What We're Reading: Trendwatch Week 52

truck and car driving down highway

IMO 2020: the curved ball that acted as a counterweight for box shipping

The bellwether Shanghai Containerized Freight Index (SCFI), which records container spot rates from China to the major tradelanes of the world, will end 2019 on a par with last year – but, as usual, the narrative surrounding how that has been achieved is much more complex.

Global container growth has slowed dramatically, with some analysts predicting expansion for the year of just 1% to 2%, compared with the 4% of 2018.

A lacklustre peak season, spooked by the US-China trade war and a softening European market, confirmed the worst-case scenario for carriers’ growth predictions, resulting in the lines announcing a raft of radical blanking programmes around the Chinese Golden Week factory shutdowns, which succeeded in steadying the ship.

Source: The Loadstar

 

USMCA: The vehicle trade and supply chains

The U.S. House of Representatives passed the new trade agreement between U.S., Mexico, and Canada (USMCA) on December 19. The agreement is expected to be ratified by the Senate in 2020. 

The USMCA replaces the 25-year old North American Free Trade Agreement (NAFTA), with several changes. 

One of the most significant changes for the automotive sector is the update of country of origin rules. Automobiles must have 75 percent of their components manufactured in Mexico, the U.S., or Canada to qualify for zero tariffs, up from 62.5 percent under NAFTA. 

Source: The Maritime Executive

 

Transpac volumes set for further decline, despite US-China trade pact

The suspension by the US of the planned 15% tariffs on $160bn of Chinese imports and the halving to 7.5% of the existing duty on $112bn of other goods has come too late to rescue transpacific volumes this year and next, according to Alphaliner.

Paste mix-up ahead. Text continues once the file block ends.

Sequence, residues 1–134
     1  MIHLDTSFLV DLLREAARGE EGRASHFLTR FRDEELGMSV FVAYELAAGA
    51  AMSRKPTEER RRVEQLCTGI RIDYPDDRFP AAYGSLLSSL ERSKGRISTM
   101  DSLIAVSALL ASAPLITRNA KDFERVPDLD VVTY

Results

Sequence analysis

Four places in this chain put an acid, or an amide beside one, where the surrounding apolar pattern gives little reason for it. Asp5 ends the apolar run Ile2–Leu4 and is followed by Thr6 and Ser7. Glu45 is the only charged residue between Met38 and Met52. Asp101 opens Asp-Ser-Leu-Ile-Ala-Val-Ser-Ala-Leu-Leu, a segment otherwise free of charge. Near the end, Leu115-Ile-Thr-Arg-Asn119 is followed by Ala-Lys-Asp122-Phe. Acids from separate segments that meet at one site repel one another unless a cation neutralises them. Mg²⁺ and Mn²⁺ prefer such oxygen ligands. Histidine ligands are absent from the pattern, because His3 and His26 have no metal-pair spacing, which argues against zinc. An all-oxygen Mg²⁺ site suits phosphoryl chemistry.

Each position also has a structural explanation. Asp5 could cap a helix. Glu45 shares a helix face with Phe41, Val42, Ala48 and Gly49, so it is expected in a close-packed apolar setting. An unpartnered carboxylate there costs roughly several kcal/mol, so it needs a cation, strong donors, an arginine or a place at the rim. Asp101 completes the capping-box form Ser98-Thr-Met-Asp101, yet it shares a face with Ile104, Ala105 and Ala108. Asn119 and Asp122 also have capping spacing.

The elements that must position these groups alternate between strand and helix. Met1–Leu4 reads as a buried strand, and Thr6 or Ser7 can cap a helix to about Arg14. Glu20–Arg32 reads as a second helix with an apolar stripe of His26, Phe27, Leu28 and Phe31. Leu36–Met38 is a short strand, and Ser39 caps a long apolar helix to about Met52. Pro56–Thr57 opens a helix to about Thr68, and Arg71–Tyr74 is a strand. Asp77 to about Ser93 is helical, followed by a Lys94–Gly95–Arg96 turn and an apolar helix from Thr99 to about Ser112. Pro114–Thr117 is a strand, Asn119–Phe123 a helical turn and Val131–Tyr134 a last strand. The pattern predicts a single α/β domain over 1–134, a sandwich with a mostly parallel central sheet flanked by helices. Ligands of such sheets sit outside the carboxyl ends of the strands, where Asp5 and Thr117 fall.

Moreover, the price paid by American industry caught in the crosshairs of the US-China trade war is substantial, according to a respected US business news commentator.

Alphaliner said that details of the Phase One trade deal struck by the US and Chinese negotiators on 13 December – just two days before the new tariffs covering an extensive range of everyday consumer goods were due to be implemented – were “still sketchy”.

Source: The Loadstar

 

Air cargo 2020: a combination of luck and strategy to sort the best from the rest

2019 is not going to go down in history as a year anyone in air freight will particularly want to remember. 

It started with some optimism – IATA forecasting 3.7% growth; although after a flat November 2018, it did acknowledge that “downside risks are mounting”.  

The optimism didn’t last. In March, IATA downgraded its forecast to 2% – and in June it reassessed, suggesting 0% was more likely. 

Source: The Loadstar